Bone marrow transplantation or Stem cell transplantation
Stem cells are the cells that are responsible for the production of blood in the human body. Transplantation of these cells, which have deep special functions, is commonly referred to as ‘bone marrow transplantation’ or ‘stem cell transplantation’. Bone marrow transplantation is called “autologous transplantation” – when it is performed on the patient’s own stem cells and “allogeneic transplantation” – when it is performed by cells taken from relatives or unrelated donors that have tissue compatibility. The blood stem cell is transplanted during a bone marrow transplant.
In the past, stem cells were used directly from the bone marrow through special needles under special operating room conditions. However, this method is rarely used today. In recent years, stem cells have been transferred from the bone marrow to the blood through a special drug, and the cells are collected by a method called apheresis. This method does not require surgery. Bone marrow transplantation also does not require a surgical procedure. The brain is transplanted into the patient through vascular access, the bone marrow cells find the bone marrow themselves through their biological characteristics and start producing blood. The main challenge in bone marrow transplantation is to follow the patient until the brain acquires functioning functions in its new place. Red and white blood cells and platelets, which are responsible for coagulation, cannot be produced during this critical period. Therefore, this is a period in which complications such as anemia, infection and bleeding may develop. It is crucial to prevent bone marrow rejection or diseases caused by the new one by treating the side effects such as infections and bleeding that may develop during this period.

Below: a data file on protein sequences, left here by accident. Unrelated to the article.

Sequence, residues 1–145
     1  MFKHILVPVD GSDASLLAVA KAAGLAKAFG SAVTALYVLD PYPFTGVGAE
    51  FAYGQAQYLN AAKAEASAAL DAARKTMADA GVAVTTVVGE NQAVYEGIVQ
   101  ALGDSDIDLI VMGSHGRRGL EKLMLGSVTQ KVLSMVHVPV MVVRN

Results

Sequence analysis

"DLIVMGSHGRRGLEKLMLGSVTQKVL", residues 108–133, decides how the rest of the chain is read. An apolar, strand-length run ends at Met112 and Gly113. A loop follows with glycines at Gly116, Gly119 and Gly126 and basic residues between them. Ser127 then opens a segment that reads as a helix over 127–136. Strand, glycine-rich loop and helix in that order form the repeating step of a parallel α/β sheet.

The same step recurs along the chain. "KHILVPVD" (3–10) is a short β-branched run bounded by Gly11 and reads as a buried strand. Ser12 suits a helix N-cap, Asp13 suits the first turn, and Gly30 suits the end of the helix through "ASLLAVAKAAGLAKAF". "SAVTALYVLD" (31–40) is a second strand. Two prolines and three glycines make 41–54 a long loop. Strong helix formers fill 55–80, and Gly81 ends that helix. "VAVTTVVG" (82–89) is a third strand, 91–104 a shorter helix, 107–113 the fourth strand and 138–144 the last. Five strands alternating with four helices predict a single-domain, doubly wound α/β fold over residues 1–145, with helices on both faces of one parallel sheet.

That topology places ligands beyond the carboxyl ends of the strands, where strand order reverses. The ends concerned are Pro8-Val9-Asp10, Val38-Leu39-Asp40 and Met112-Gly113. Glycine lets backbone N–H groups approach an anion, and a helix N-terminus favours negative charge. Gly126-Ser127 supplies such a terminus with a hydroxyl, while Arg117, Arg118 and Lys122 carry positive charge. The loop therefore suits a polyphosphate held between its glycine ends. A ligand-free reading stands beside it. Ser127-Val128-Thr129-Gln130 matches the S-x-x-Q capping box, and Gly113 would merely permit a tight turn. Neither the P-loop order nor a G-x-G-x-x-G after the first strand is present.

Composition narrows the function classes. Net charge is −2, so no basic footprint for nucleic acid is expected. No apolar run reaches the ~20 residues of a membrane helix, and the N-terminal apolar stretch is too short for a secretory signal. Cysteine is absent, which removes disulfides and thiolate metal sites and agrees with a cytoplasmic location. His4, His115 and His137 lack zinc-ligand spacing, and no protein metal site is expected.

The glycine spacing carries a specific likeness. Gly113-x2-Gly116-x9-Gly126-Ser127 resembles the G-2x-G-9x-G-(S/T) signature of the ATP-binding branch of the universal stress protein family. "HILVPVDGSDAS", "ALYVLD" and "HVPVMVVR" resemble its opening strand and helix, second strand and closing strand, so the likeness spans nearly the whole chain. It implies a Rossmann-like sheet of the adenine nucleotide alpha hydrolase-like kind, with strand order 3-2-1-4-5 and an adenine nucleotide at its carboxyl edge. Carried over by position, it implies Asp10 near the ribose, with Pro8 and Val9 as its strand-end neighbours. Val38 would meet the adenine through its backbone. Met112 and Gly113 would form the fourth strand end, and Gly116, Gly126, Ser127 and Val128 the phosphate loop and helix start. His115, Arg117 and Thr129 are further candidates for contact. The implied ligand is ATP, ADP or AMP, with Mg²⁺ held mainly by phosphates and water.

Success in bone marrow transplantation is achieved when good technical infrastructure, good microbial isolation, interdisciplinary medical exchange of information, cooperation and experience in the medical team and when hospital wards provide the necessary intervention in organ transplantation and carry out constant control and monitoring. in order to prevent and protect against possible accompanying complications.